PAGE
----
Somewhere along the line, we stopped trusting our bodies. Moms stopped trusting their children to know when they were full and created the “clean your plate” generation. This could be the reason why we have to rely on numbers. Numbers on the scale, numbers in calories, number of push ups to counter the number of slices or scoops. Our bodies are alien planets to us.
If we could re-learn the art of listening and responding to our body’s cues, we could start detangling the messages and stimuli around us (food ads and stressors) which are leading us to food just for the sake of consumption, from the actual messages that our bodies give us to tell us when we’re hungry, thirsty, needing fresh nutrition, ready to stop.
I believe the act of trusting our bodies would cause the consumption of smaller portions, to curb hunger and a larger variety to satisfy our body’s need for a wide range of nutrients.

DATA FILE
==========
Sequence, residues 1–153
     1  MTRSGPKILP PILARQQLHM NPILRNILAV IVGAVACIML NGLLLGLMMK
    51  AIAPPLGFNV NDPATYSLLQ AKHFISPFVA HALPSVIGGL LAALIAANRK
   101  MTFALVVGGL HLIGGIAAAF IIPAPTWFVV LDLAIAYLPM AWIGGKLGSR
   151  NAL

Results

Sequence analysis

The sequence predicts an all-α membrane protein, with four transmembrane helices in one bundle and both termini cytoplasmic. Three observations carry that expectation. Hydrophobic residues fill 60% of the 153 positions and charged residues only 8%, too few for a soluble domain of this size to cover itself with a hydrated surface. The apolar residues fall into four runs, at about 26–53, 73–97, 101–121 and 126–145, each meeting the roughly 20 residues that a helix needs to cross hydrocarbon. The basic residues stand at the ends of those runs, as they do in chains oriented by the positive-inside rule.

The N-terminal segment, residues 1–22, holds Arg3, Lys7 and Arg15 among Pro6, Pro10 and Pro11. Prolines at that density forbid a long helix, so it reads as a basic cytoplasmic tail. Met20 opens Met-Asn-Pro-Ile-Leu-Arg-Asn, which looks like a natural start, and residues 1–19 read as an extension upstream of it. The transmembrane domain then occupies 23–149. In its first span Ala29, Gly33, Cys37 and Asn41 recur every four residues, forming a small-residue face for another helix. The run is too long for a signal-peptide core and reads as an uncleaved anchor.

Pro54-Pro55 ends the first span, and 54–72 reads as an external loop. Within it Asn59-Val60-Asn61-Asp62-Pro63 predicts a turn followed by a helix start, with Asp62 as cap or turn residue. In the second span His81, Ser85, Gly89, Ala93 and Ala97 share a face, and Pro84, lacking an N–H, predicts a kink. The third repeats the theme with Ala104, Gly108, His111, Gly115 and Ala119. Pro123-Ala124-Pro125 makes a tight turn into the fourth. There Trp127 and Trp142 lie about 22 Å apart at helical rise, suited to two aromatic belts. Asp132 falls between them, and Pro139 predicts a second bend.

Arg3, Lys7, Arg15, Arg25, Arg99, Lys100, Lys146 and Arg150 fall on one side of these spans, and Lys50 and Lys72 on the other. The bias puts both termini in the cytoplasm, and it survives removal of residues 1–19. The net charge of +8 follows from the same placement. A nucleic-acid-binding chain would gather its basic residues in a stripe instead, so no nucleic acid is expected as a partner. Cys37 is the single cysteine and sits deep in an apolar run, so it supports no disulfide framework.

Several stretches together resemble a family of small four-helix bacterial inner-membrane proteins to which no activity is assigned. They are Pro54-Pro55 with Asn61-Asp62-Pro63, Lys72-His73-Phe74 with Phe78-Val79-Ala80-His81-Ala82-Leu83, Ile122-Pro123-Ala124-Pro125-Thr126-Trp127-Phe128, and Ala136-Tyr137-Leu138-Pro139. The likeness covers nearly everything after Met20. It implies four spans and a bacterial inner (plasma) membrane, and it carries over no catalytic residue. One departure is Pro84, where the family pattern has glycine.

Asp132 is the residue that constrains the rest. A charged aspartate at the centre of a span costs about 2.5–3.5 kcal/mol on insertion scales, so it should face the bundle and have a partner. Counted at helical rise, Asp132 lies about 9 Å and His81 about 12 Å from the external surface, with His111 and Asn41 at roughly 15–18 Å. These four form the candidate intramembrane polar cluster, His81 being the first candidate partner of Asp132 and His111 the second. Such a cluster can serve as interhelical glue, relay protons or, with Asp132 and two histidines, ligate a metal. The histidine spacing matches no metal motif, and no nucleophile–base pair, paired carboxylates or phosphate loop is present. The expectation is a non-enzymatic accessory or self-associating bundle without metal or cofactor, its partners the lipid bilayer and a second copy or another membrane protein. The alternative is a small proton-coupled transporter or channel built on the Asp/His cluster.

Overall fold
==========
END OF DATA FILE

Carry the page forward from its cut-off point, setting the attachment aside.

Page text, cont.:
No numbers needed."
A student blows up at a teacher, drops the F-bomb. The usual approach at Lincoln – and, safe to say, at most high schools in this country – is automatic suspension. Instead, Sporleder sits the kid down and says quietly: “Wow. Are you OK? This doesn’t sound like you. What’s going on?”
He gets even more specific: “You really looked stressed. On a scale of 1-10, where are you with your anger?” The kid was ready. Ready, man! For an anger blast to his face….”How could you do that?” “What’s wrong with you?”…and for the big boot out of school. But he was NOT ready for kindness.
The armor-plated defenses melt like ice under a blowtorch and the words pour out: “My dad’s an alcoholic. He’s promised me things my whole life and never keeps those promises.” The waterfall of words that go deep into his home life, which is no piece of breeze, end with this sentence: “I shouldn’t have blown up at the teacher.” Whoa.